There is a good paper:
Gibbs, G. and Simpson, C. (2004), Conditions under which assessment supports students' learning. Learning and Teaching in Higher Education, 1, pp. 3-31.
Apologies if you cannot easily get thorough academic publisher paywalls to read it. Ah, Google scholar finds http://www2.glos.ac.uk/offload/tli/lets/lathe/issue1/articles/simpson.pdf
Anyway, the key point there is that they have a list of conditions under which assessment supports students' learning (strangely, the paper gives 10 conditions, but the short list I have in a summary has eleven:
1. Assessed tasks capture sufficient study time and effort.
2. These tasks distribute student effort evenly across the course.
3. These tasks engage students in productive learning activity.
4. Assessment communicates clear and high expectations.
5. Feedback is provided, both often enough and in enough detail.
6. The feedback is provided quickly enough to be useful to students.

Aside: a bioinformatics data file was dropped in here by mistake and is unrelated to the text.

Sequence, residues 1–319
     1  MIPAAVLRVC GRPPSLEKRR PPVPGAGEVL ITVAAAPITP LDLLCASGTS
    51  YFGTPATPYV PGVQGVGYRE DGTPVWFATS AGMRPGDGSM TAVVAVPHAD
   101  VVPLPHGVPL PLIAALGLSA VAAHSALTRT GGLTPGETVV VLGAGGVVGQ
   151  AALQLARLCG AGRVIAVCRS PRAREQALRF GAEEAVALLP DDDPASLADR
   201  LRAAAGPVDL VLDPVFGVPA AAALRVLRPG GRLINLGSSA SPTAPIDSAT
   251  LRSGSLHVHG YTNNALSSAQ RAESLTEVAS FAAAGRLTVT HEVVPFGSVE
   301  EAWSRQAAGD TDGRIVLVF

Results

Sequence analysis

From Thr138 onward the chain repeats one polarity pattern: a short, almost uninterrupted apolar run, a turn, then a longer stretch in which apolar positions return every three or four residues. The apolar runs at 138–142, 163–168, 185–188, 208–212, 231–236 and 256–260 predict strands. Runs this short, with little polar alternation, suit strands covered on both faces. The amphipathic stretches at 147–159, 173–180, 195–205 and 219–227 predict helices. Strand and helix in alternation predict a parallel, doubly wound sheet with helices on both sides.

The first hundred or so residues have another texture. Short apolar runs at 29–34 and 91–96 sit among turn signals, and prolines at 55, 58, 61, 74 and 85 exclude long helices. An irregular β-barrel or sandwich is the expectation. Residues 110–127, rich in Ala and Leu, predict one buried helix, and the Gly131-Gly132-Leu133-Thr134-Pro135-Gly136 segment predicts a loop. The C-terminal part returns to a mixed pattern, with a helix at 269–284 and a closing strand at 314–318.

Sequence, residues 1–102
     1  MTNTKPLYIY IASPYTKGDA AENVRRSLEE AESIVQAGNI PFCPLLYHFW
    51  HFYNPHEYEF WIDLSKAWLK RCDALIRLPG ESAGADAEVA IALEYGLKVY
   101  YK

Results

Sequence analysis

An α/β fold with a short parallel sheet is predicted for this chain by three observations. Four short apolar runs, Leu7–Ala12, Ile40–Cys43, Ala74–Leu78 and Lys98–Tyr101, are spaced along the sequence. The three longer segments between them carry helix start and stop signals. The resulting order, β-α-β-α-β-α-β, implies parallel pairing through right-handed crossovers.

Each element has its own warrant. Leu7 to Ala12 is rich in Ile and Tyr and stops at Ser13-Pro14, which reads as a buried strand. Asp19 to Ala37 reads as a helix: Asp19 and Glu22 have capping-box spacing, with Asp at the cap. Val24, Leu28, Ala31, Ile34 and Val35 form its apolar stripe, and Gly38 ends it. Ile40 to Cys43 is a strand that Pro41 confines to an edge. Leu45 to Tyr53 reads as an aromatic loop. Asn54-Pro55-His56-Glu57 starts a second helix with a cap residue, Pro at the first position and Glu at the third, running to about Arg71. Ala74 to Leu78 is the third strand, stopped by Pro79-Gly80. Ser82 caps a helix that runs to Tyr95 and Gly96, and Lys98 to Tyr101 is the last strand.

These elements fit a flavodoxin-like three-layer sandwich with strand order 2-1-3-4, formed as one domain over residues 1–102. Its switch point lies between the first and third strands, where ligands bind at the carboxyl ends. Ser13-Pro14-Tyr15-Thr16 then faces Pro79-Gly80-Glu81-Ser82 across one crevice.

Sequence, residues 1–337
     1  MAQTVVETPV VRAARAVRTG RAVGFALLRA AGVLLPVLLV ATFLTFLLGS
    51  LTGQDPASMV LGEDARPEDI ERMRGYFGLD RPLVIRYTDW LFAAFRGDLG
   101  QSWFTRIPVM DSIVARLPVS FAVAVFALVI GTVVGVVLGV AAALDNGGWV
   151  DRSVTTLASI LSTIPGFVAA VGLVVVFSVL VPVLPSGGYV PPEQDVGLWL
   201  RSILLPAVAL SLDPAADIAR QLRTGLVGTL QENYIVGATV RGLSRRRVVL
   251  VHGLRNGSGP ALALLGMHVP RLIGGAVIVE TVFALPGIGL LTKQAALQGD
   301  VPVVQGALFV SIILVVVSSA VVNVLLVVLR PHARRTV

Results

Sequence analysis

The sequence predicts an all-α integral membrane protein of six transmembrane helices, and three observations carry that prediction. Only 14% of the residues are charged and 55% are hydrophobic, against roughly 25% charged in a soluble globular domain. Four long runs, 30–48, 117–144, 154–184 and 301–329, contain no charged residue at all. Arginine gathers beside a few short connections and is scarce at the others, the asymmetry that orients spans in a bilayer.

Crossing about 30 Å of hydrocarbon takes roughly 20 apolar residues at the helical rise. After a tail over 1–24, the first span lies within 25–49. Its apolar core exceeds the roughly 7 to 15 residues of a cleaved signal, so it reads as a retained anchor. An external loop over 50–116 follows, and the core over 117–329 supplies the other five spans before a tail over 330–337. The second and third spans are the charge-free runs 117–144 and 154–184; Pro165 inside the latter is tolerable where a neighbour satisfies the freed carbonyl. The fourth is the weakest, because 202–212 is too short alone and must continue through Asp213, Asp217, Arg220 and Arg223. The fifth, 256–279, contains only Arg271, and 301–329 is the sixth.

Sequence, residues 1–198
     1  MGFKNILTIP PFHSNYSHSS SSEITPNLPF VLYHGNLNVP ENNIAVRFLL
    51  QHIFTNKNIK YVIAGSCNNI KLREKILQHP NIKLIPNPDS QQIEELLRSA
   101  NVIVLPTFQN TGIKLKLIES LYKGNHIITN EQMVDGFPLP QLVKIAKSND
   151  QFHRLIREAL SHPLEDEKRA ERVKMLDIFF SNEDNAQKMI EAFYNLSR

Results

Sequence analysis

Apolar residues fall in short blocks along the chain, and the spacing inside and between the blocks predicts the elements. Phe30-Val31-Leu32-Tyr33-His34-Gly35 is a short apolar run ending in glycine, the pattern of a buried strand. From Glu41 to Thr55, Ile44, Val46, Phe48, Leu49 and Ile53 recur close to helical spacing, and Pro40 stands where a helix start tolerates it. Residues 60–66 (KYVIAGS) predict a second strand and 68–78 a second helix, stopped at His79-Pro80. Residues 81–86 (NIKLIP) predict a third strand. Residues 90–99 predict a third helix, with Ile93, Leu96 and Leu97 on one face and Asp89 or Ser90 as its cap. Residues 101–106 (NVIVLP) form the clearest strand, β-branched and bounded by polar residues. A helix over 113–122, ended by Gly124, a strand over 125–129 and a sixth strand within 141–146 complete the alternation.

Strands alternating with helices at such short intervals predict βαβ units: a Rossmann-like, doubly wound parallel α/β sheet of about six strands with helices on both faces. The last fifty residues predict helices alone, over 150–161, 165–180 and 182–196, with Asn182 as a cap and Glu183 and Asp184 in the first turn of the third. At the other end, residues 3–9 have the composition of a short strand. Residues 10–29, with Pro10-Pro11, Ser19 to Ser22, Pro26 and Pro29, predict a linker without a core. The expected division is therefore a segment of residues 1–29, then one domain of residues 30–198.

7. Feedback focuses on learning rather than on marks.
8. Feedback is linked to the purpose of the assignment.
9. Feedback is understandable to students, given their level.
10. Feedback is received by students and attended to.
11. Feedback is acted upon by students to improve their learning.
Anyway, the key points for this discussion are 6. and 11. and 6 might suggest why you want to use immediate feedback mode. The student gets the feedback while they can still remember what they were thinking as they tried to answer the question.
11. is really a suggestion to let the student have another go if they get the question wrong the first time. That is one of the drivers that led to the new 'Interactive with multiple tries' behaviour (To use that you need to add some hints to your questions). Then, if the student gets the question wrong the first time, they get the hint as feedback (which may be as little as 'Your answer was incorrect, please try again' for the first hint) and can then immediately try a different answer for less marks.
Another way to let students act on the feedback is to just allow them multiple attempts at the quiz.